Since the end of Empire, the rank has become somewhat redundant, this is due to the reduction in the size of Britain’s Armed Forces. The rank is now ceremonial, a gift of recognition from the sovereign to senior military figures, and bestowed on members of the Royal Family.

 

I wrote to several Field Marshal’s and to my delight a reply, Field Marshal The Lord Guthrie accepted my invitation to sit for a Portrait in London.

 

Field Marshal Guthrie, Baron Guthrie of CraigiebankGCBLVOOBEDL was Chief of the General Staff, the professional head of the British Army, from 1994 to 1997 and Chief of the Defence Staff from 1997 until his retirement in 2001.

Field Marshal The Lord Guthrie Portrait Sitting, London Portrait Photographer Rory Lewis

Guthrie’s military career saw service with the Welsh Guards and the Special Air Service; he was closely involved in military operations in Northern Ireland and provided advice to the British Government during the Bosnian War and the Kosovo War.

 

In 2012 Lord Guthrie was handed his Field Marshal’s Baton, in recognition of his remarkable leadership and service by Her Royal Highness Queen Elizabeth II . You can view a Pathe News Clip of another Field Marshal Jan Smuts being handed his Baton back in 1941.

(Below Field Marshals Baton Presented to Field Marshal Jan Smuts OM, CH, ED, PC, KC, FRS)

The Baton is the main symbol of office, only given to Field Marshals. It stems back to ancient origins; namely those of the Roman Empire. A short heavy white Baton was a symbol of  the Imperial Mandate given to Roman Military Legates. The Legate would hold the baton upon high, proclaiming, “above your head and mine to represent the power of the emperor”.

 

The British Field Marshal’s Baton is a symbol of the magnitude of office. The figure of St George and the Dragon is at the top, and at the bottom an inscription from The Queen to Lord Guthrie. The body of the Baton is covered with red velvet.

 

Field Marshal The Lord Guthrie Portrait Sitting, London Portrait Photographer Rory Lewis

Looking for inspiration I started with Sir Thomas Lawrence, studying his portraits of the Duke of Wellington.  Neo Classical in Style; Lawrence painted the Iron Duke on several occasions. His most vivid depiction, a triumphant portrait of Wellington which dominates the Waterloo Chamber at Windsor Castle. Lawrence’s composition is that of victory, heralding Wellington as the finest of military commanders and the liberator of Europe.

Sir Thomas Lawrence (1769-1830)
Arthur Wellesley, 1st Duke of Wellington (1769-1852) 1814-15

Then I moved on to looking at Singer Sargent’s portrait of Field Marshal Frederick Sleigh Roberts. The work similar to Sir Thomas Lawrence’s neo-classical depictions.  I turned to photography, browsing the National Portrait Gallery archive, I discovered the photographer Alexander Bassano, who photographed Field Marshal Hague. The portrait captured in a solemn and dutiful style, the depictions relay the finery, yet the obligation and commitment of Hague’s role.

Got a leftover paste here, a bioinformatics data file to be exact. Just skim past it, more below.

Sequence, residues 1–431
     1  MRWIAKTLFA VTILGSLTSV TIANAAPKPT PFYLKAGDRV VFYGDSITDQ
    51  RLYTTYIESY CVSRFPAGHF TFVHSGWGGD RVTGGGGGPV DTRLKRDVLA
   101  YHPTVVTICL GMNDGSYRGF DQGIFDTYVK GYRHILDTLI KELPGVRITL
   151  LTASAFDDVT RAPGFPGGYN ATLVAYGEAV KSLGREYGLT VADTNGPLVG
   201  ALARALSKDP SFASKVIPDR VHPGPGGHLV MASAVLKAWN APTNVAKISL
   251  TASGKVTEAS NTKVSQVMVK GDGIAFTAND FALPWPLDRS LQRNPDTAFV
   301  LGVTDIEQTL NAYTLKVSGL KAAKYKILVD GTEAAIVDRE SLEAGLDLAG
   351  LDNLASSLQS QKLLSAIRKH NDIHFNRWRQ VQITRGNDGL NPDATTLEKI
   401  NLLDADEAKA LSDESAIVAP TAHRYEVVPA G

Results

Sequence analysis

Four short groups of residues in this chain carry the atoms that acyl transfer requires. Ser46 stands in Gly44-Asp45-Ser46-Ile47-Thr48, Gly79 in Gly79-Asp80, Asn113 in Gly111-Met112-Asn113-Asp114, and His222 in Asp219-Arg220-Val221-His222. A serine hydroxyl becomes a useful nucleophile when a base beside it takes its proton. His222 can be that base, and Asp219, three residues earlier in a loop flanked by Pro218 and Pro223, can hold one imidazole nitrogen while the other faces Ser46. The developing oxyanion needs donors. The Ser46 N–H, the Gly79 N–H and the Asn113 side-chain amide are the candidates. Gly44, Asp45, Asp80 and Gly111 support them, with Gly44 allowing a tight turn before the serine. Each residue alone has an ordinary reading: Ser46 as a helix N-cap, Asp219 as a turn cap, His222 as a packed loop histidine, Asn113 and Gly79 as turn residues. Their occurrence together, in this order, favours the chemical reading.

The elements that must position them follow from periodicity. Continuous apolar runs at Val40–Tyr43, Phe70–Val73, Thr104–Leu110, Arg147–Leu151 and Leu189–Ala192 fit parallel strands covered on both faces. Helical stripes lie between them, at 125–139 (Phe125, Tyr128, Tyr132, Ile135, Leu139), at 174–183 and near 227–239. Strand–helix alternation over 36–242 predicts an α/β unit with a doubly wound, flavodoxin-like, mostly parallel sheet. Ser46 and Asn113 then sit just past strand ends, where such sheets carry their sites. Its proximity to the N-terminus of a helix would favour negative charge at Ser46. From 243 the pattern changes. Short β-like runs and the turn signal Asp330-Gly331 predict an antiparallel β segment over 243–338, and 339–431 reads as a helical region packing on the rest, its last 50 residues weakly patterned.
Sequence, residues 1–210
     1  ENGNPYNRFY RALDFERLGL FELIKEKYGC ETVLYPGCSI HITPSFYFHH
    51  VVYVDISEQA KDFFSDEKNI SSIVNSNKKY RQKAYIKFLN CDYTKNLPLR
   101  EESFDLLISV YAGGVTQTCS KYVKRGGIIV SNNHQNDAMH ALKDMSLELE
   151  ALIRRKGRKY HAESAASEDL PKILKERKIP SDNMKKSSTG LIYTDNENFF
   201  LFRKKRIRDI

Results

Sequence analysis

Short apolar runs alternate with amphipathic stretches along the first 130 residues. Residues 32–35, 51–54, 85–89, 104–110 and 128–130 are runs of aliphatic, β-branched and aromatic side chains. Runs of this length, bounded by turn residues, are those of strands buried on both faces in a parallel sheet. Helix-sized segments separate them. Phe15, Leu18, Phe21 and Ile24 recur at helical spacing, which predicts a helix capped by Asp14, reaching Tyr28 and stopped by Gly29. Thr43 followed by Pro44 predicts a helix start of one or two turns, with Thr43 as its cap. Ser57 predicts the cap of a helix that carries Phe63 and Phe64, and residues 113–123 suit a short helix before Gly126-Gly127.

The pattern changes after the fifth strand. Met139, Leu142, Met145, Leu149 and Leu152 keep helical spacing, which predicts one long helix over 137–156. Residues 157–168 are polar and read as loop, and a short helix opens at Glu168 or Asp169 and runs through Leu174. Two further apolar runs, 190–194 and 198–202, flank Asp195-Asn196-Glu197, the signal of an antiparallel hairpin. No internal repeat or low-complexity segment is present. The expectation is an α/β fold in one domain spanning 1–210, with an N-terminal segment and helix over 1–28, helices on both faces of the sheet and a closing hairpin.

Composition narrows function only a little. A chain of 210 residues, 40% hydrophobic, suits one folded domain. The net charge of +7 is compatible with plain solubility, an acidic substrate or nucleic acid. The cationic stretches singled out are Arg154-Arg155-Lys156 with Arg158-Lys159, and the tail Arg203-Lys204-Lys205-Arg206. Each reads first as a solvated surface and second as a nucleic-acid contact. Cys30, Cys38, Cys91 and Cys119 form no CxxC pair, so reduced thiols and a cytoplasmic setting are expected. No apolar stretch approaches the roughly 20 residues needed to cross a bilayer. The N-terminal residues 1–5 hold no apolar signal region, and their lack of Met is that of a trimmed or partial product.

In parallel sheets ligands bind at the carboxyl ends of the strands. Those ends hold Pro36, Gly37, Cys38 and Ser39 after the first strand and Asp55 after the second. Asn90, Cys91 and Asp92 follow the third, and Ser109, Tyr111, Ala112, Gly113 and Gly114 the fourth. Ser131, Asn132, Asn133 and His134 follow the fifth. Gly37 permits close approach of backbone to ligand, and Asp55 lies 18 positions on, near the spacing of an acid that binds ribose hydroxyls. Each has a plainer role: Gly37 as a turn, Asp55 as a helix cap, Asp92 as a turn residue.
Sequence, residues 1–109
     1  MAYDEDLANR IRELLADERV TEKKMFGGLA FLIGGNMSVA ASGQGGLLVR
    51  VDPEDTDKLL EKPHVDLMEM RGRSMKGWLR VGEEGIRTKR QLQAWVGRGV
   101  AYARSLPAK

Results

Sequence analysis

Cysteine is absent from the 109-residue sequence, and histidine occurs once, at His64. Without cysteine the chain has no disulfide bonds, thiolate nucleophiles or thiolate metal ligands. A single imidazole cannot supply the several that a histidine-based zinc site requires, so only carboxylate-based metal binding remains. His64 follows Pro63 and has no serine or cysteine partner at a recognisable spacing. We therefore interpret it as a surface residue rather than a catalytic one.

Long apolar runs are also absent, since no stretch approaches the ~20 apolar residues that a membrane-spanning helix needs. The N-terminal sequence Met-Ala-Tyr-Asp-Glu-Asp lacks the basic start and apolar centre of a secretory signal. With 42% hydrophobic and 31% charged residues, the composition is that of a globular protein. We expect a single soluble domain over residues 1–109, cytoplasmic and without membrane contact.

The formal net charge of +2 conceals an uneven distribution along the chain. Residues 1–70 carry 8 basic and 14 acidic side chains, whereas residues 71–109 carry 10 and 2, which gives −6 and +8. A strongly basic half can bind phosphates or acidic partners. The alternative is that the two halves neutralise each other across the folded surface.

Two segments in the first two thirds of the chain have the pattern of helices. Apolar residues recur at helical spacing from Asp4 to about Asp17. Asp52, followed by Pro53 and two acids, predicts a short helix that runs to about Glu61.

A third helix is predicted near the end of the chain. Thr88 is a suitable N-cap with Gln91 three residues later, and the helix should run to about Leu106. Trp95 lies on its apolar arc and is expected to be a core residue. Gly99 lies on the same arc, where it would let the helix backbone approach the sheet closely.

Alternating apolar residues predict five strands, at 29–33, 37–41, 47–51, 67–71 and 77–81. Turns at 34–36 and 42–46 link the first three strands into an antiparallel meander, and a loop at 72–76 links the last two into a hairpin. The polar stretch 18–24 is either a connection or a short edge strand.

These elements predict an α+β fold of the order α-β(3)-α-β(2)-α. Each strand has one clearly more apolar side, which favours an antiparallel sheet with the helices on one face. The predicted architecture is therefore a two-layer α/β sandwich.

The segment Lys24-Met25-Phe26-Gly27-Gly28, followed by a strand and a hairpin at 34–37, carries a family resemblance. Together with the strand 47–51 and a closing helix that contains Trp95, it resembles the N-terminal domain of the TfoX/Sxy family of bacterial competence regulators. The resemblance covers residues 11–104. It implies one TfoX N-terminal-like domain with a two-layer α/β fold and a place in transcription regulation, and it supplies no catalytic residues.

Douglas Haig, 1st Earl Haig by Bassano Ltd whole-plate glass negative, 19 July 1921 Alexander Bassano

With all this in mind I set to work, with a desire to create my own interpretation. Using a red velvet backdrop, I aimed to recreate the symbolism of the fire and blood, that is the Red Coat. The British Military Uniform associated with energy, war, danger, strength and Royal power. These words associate with the office of Field Marshal. Full finery was the order of the day, medals, orders, and number one dress uniform. Wanting to portray Lord Guthrie as the man he is; the Commander held in immense regard.

 

The positions directed for the sitting are reflective, shooting from a low angle to make Lord Guthrie look prominent and tall. Harsh lighting is utilised to preserve the detail. To me the Portrait is historical , a document, all the detail must be safeguarded. With this in mind I hope I’ve done my predecessors, proud in this my first portrait sitting with a British Field Marshal. Currently I’m accepting public & private commissions both Military and Non Military for Portrait Sittings so please don’t hesitate to get in touch.

HyperFocal: 0 (Rory Lewis)

Soldiery (British Army Portraits Book)

(The Book) Soldiery (British Army Portraits)

By Rory Lewis (Author, Photographer),‎ General Sir James Everard KCB CBE (Foreword)

 

The British Army is a diverse and proud organisation with a cherished heritage. ‘Soldiery’, has been a project focusing on historically documenting the modern British Army in a contemporary reflection of historical portraiture of days gone by. Photographed by Professional Portraitist Rory Lewis. Foreword by General Sir James Everard, KCB, CBE NATO’s Deputy Supreme Allied Commander Europe. This book features portraiture of the Army’s Leaders and Soldiers from a range of iconic regiments. Each depicts the unique identity of the soldier, regiment and rank. Rory also explains his inspirations from the master portraitists of the past and the story behind the project.

Soldiery (British Army Portraits)

Limited Edition Hardback Version Printed on Ultra High Quality Pearl Photographic Paper

 

Click Here to Purchase from Blurb’s Online Bookstore

Size Standard Portrait, 8×10 in, 21×26 cm

ISBN Hardcover: 9781389099632

£69.99

 


Paperback Version Available from Amazon

  • Size Standard Portrait, 8×10 in, 21×26 cm

  • ISBN Paperback: 9781983403057

  • £22.99